S U R F I N G – Deep Fantasy

[Editor’s note: This article has been deprecated. It no longer reflects the views of Sunbleach Media or its writers. For an updated article on Deep Fantasy and its place in vaporwave history, please click here.]

 

Recommendation: ☹☹☹


Plagiarism.

You don’t get to copy and paste full songs, call them your own, and make money off of them. The only reason S U R F I N G isn’t called out on this is because there’s a somewhat-pervasive belief that Deep Fantasy is entirely (or at least mostly) original material – and it is patently not. Don’t believe me? Head on over to WhoSampled.com and check it out.1 If this album weren’t made relatively early in the history of vaporwave, then it almost certainly would have either been forgotten or acknowledged for being sample-heavy with minimal editing. If vaporwave fans can get mad at PZA for doing the same, then S U R F I N G doesn’t deserve a pass, either.

It’s the exact same problem as マクロスMACROSS 82-99’s A Million Miles Away: the tracks are little more than retro tracks that are ultra-equalized to give a dated, compressed sound. There’s no acknowledgment of the sources from the producers themselves, and they make money off of the songs, by way of the numerous pressings on cassette and vinyl that are available. For example, “Hit the Spot” is nothing more than a slowed-down version of Kenny G’s “Sade,” with no editing effects or purposeful-wall-breaking that makes something like “リサフランク420 / 現代のコンピュー” from Macintosh Plus’ Floral Shoppe a worthy endeavor.

The only worthwhile track of originality is “Killed a Man,” whose instrumental section is stretched into a lengthy synth jam that sounds excellent. But again, as with マクロスMACROSS 82-99, the excellence of the other tracks is entirely due to the source material: not because S U R F I N G does anything to the songs themselves to make them worthwhile. And this could’ve been entirely avoided if they had just cited their sources, or at least made more of an effort to evolve the tracks from their original material.

This is different from other albums because successful vaporwave releases that utilize nigh-complete sampling do so to call attention to the obviousness of the samples (e.g. the aforementioned Macintosh Plus), invoke the uncanny valley (e.g. 骨架的), or edit in a way to make purposefully innocuous music (e.g. most of mallsoft and hypnagogic drift). In contrast, Deep Fantasy comes across like a cheap trick. If you like the songs, spend your money on the artists who made them. Don’t spend it on S U R F I N G.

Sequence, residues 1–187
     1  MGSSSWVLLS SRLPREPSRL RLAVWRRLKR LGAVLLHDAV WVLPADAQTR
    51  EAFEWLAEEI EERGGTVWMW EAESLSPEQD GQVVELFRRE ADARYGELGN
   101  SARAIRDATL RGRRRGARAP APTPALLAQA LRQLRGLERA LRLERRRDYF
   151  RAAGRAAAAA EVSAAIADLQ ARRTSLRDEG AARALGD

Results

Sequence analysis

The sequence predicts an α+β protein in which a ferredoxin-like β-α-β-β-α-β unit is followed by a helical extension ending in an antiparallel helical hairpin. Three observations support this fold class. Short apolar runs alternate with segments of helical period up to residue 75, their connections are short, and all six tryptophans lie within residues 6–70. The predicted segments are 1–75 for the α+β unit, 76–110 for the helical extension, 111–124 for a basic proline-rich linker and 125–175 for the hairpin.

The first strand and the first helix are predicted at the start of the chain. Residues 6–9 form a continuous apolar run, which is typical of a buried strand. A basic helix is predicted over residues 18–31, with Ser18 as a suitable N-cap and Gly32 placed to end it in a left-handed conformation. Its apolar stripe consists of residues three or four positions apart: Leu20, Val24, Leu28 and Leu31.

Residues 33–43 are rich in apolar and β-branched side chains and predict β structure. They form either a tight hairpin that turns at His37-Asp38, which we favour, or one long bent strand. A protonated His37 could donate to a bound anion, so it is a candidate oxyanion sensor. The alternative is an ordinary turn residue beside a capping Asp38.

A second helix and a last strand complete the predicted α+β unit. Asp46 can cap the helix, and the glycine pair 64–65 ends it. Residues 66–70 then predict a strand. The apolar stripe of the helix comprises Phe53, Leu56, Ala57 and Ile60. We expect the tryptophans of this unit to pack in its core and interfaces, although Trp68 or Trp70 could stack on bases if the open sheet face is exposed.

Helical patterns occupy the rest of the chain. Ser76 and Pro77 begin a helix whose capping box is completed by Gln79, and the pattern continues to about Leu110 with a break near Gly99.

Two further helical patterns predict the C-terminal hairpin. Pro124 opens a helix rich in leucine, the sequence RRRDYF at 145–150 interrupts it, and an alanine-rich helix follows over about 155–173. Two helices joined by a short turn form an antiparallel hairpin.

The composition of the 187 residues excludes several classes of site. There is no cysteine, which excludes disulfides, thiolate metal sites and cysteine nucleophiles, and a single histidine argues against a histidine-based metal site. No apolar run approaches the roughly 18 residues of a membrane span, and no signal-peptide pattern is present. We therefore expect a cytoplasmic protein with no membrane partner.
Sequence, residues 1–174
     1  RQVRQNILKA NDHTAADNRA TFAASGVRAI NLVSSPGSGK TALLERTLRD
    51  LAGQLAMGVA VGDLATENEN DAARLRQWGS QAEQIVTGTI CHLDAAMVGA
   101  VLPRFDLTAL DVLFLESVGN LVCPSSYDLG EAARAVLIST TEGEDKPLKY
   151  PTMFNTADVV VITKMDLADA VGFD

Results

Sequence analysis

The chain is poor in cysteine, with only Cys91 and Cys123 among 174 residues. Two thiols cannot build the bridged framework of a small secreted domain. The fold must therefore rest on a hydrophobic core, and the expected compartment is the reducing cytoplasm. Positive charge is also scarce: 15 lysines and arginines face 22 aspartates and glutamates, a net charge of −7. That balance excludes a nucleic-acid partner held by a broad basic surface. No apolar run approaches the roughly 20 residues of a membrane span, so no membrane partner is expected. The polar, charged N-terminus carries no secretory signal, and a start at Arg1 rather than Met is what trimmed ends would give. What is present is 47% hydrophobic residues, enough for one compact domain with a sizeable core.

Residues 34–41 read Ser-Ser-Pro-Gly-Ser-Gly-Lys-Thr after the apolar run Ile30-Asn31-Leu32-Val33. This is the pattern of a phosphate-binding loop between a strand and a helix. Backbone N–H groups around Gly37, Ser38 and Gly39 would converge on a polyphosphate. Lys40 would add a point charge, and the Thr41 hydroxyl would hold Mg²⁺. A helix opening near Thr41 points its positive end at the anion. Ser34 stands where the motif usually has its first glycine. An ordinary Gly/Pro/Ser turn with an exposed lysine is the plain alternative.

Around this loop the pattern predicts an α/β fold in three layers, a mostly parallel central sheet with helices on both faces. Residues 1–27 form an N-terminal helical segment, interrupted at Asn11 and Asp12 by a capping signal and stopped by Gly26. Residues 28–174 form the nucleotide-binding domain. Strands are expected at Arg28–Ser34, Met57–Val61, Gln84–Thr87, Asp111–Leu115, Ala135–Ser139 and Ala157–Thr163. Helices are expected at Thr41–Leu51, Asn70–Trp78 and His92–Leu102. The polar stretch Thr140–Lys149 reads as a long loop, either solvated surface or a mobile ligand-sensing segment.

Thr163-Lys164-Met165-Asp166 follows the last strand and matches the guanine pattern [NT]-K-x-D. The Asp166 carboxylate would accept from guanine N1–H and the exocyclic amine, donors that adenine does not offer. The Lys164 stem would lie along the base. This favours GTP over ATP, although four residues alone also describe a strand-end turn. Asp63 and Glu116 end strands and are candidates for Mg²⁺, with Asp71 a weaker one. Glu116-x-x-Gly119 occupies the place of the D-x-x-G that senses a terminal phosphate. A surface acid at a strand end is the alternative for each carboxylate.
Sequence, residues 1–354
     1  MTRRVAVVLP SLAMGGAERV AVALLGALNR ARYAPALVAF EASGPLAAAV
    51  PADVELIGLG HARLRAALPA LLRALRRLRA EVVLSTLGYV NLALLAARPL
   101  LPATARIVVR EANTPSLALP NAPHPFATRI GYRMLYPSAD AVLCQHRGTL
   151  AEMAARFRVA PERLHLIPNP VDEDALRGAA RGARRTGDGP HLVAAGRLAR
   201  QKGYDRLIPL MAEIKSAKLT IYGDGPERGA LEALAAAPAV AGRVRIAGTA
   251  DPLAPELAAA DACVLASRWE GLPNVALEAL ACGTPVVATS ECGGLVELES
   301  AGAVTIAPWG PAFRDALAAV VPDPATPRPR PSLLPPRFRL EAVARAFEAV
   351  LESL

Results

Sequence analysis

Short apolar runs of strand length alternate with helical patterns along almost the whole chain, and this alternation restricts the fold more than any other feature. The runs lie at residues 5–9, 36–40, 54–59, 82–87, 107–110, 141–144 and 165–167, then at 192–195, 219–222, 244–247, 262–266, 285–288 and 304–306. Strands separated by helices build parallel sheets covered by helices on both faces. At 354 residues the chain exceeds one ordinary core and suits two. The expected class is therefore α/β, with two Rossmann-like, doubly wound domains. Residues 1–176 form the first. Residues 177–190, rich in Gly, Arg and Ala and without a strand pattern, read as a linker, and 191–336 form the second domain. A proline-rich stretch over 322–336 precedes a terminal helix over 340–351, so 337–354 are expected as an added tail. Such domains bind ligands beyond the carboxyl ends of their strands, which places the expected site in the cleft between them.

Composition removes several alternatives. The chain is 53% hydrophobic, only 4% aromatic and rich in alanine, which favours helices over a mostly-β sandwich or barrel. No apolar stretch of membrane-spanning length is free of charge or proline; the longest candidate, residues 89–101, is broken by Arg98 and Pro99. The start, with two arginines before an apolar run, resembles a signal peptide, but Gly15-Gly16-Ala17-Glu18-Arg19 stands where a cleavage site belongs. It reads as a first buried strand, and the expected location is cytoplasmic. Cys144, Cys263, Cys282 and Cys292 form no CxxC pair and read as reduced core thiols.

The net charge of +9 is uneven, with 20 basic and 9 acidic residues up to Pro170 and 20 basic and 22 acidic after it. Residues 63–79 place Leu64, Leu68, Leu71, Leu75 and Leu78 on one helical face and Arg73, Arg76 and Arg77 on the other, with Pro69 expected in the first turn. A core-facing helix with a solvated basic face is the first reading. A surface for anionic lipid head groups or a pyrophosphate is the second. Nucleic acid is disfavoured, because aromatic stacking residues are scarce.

Tracklist


1. Dal Boca Vista – (1:34)
2. Moonlight – (6:14)
3. Your Touch – (5:37)
4. Hit the Spot – (4:22)
5. Sky High – (3:51)
6. Senegal – (3:21)
7. End of the Night – (3:16)
8. Lifetime – (3:55)
9. Dubai – (2:24)
10. Killed a Man – (8:35)


 

1Here, I pulled it up for you: http://www.whosampled.com/Surfing/

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2 comments

  • lol at your pathetic website and pathetic review
    have you made an album before ?

    Surfing combined sampling and original instruments (lead guitar, bass guitar, flute, vocals, bongos) on Deep Fantasy. Who are you to say who can sample and who cant? Most people would agree that flipping a sample and THEN adding your own instrumentation and vocals is going above and beyond basic sampling yet your article brushes this off, Mac Plus did not add any original content im pretty sure

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    • Dylan Kilby

      If you have proof, I’ll gladly change the article. If you hang around on WhoSampled for a while and compare the source material, it’s pretty obvious that the majority of tracks are just slowed-down with minimal chop/screw and effects.

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